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The Wonder Engine: 09/28/18
The Wonder Engine by T. Kingfisher is the conclusion to the Clocktaur duology. Adventurers Slate, Brenner, Caliban, and Edmund have arrived at their destination of Anuket City. Now they need to discover the source of the Clocktaurs and find a way of neutralizing them or die trying.
Over the course of the last book (or the first half if you want to count this as one book divided into volumes, rather than a book and a sequel) the travelers have gone from a loosely knit group of squabbling companions to an ersatz family. Becoming closer in someways makes them less powerful but it also makes them less vulnerable to the dangers of the road.
This volume also goes into more of Slate's background (the last one giving backstory time to Edmund and Caliban). We know from early on in The Clockwork Boys that Brenner was put in charge of the mission because of her ties to Anuket City. Now we learn just how close and dark those ties are, and how dangerous returning is for her.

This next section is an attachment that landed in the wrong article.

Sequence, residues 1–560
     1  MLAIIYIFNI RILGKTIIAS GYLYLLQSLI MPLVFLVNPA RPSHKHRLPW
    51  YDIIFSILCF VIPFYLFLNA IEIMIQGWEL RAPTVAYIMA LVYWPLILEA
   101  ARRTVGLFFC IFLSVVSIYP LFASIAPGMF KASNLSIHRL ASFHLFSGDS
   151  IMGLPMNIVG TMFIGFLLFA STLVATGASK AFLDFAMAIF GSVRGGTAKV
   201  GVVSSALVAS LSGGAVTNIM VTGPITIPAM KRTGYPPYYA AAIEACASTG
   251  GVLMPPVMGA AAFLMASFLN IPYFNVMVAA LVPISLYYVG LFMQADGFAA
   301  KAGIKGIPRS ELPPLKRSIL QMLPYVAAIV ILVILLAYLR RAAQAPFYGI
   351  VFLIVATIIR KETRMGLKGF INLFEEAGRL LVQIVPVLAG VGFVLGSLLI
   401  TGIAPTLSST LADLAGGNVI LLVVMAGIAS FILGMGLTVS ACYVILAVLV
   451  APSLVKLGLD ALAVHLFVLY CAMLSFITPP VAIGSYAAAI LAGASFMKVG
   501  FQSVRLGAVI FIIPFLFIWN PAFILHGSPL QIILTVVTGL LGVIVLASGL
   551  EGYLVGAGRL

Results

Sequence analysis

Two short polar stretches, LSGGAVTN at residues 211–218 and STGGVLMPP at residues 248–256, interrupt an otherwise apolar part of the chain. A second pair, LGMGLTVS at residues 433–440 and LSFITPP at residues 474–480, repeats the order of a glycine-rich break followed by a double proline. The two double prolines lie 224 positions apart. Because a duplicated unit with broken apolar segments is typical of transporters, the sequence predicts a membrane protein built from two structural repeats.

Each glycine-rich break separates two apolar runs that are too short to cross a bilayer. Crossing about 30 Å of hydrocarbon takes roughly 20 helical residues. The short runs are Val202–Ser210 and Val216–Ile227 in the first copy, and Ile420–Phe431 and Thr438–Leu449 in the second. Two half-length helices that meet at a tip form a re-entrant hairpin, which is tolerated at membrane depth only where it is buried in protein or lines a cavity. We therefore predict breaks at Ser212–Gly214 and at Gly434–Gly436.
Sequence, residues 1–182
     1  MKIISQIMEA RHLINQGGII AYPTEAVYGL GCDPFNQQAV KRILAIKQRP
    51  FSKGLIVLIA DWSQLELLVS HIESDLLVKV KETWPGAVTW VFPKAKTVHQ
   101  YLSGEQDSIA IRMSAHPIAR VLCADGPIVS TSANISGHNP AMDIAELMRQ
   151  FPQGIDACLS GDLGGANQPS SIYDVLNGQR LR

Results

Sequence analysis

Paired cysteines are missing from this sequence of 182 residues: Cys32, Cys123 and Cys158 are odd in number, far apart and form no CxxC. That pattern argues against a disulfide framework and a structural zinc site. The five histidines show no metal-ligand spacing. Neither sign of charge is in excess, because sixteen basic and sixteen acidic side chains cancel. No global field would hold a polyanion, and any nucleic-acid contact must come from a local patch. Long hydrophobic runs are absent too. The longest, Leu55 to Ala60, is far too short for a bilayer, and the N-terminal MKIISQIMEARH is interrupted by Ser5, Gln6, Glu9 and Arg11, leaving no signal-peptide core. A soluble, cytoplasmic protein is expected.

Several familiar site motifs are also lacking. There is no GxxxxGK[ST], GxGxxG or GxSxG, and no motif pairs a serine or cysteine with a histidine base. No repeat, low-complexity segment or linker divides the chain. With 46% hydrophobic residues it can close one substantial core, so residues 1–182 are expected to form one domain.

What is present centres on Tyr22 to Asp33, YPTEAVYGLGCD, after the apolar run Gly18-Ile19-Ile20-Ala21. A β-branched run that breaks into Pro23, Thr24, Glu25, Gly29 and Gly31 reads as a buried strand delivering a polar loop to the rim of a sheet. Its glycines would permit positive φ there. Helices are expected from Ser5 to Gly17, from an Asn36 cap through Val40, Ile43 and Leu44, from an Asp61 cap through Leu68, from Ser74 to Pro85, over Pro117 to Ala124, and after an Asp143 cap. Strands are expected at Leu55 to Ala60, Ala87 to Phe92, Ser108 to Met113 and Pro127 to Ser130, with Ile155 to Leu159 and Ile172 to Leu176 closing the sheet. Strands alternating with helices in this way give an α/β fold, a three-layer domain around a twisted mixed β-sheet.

Besides our initial party we are introduced to a couple of gnoles. It is through the exploration of gnole culture and language that Kingfisher does what she does best — examining and deconstructing gender roles and expression in society.
Because of the confines of the city and the exploration of gender, prejudice, and class, The Wonder Engine reminds me both of Snuff by Terry Pratchett and of the recent middle grade fantasy, Beast & Crown by Joel Ross.
In terms of the road narrative spectrum, the novel is confined within the city of Anuket, where the goal is to prevent further release of the Clocktaurs or somehow get word back home as to how they are made. The traveling party has pretty much become a family, meaning that they have started to care about everyone's wellbeing. To get to the Clocktaurs, they have to take unconventional means to get around the city, meaning they are going "off road" (via rooftops and other low traffic areas).
Thus this novel sits in the rather "safe" end of the spectrum, even with unexplained horrors that seem to defy the logic and magic of their modern day world. The big piece of this book, then, is the unraveling of the mystery. That is where Edmund gets to earn his informed title of "Learned" through a mixture of book research and the tracking down of local knowledge.
That's not to say that victory is easy for our heroes just for the sake of them being heroes. We already know that every other person sent on this mission has failed horribly. Instead, I contend that it is easier for them because they have come together and have taken their time getting there — time well spent on becoming a "family." There is strength in numbers.